Oregon ryes tend to be young and a mere 80 proof—if you don't count Pendleton's Canadian-distilled 12-year—but of those we've tasted, Eastern Oregon's Stein shows the most promise. It's floral, fruity and spicy with a bit of heat on the nose and great for mixing.

Use for: Mint julep, Manhattan, Old Fashioned.

From The 12 Bottle Bar: "Unlike Scotch or Irish whiskeys, American rye is undeniably American…it's also far more old-school than bourbon, no matter how much the bourbon folks will try to tell you otherwise."

7. Vodka

House Spirits Volstead Vodka ($18)

House Spirits' Volstead is beautifully clean and neutral, with vodka's characteristic hints of coconut accentuated by filtering through charred coconut husks—a fancy form of charcoal filtering. This is a lovely vodka made for cocktails.

Use for: Moscow mule, lemon drop, bloody mary.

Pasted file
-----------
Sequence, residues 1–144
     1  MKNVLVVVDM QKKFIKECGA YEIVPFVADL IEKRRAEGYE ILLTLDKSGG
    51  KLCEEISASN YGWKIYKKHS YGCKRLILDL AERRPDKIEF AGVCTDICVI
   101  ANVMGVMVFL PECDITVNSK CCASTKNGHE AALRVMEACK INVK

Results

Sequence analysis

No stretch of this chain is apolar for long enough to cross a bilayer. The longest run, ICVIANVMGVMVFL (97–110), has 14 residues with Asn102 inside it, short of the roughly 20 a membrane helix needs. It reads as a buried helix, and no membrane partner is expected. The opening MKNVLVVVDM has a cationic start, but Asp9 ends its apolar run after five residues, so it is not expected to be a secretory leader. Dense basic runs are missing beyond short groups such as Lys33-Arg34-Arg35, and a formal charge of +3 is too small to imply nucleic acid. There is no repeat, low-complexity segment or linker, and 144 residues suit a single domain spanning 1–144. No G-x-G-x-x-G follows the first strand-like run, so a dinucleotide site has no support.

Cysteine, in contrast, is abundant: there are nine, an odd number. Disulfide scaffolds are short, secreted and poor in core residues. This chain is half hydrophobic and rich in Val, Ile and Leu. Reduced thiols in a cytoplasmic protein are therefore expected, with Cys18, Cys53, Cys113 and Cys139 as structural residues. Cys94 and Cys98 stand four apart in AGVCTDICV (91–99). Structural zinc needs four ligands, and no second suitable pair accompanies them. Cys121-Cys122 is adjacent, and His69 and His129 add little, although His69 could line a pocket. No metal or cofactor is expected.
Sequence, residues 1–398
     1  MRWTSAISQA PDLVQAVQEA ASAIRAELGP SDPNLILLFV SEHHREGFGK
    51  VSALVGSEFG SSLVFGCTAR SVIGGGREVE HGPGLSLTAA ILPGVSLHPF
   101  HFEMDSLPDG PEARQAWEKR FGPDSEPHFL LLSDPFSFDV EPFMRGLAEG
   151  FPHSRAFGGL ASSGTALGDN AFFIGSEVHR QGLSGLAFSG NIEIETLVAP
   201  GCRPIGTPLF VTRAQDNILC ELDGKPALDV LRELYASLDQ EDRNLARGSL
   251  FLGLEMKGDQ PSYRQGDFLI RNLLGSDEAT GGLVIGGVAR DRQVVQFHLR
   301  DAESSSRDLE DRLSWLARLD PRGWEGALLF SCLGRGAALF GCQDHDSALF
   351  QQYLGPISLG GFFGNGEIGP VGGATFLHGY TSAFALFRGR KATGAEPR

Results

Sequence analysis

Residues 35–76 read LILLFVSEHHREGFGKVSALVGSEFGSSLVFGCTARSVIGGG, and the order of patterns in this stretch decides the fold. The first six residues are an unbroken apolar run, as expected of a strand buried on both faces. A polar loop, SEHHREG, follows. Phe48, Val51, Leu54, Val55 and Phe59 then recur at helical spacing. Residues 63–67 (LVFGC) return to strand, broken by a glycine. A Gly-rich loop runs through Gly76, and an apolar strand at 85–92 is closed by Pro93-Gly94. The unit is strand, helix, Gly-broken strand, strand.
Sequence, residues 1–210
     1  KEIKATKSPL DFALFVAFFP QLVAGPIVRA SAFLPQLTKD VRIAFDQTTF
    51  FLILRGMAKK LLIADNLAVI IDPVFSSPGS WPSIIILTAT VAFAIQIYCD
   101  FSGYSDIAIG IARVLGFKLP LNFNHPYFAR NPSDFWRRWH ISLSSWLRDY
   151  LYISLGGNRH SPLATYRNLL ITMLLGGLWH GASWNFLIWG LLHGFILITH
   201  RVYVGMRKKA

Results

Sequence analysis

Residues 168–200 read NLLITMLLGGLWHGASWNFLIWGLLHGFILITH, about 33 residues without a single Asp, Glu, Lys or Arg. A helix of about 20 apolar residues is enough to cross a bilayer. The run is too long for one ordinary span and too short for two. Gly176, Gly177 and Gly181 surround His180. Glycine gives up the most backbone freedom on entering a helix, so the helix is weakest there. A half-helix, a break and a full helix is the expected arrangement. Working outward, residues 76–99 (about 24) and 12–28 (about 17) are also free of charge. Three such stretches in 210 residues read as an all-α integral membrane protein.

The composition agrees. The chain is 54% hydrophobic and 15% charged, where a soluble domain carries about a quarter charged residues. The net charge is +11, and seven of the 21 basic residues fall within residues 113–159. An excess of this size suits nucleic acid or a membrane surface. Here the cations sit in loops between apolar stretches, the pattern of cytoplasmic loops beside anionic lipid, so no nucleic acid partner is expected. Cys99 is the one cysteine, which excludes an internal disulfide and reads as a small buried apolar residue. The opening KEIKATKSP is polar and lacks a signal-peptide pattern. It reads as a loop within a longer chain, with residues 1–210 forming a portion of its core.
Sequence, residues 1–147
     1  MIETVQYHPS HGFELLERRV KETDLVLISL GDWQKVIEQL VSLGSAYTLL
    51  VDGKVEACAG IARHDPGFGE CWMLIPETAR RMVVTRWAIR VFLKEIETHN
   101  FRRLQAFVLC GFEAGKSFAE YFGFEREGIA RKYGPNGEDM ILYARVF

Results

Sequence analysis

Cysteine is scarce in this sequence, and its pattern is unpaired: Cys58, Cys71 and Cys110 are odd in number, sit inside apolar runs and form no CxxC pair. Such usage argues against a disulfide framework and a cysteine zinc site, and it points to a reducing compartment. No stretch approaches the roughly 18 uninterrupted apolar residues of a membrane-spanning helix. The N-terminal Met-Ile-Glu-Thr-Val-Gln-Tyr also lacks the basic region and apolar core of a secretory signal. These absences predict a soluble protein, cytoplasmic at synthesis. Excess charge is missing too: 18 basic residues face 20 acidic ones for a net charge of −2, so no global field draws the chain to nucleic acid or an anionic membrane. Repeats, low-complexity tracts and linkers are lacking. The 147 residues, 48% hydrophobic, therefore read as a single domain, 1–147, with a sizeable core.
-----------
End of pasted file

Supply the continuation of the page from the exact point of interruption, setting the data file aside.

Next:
David: "Simply go with the vodka that is the least specific; it should taste neutral. A lot of vodkas insist on creating a more aggressive profile, but the way we use vodka, we pick it for that neutrality."

8. Orange liqueur

Monarch triple sec ($5)

This will be the weak link if you're looking for spirits distilled in Oregon. Indio Spirits has a lovely and interesting curacao-infused rum, using rum from elsewhere. But here's the low-cost, industrial bar staple: a Monarch triple sec from Hood River Distillers.

Use for: Sidecar, kamikaze.

Lesley suggests: Making your own by infusing midshelf vodka with orange peels. (Try D.L. Franklin.) 


9. Dry vermouth

Ransom dry vermouth ($28)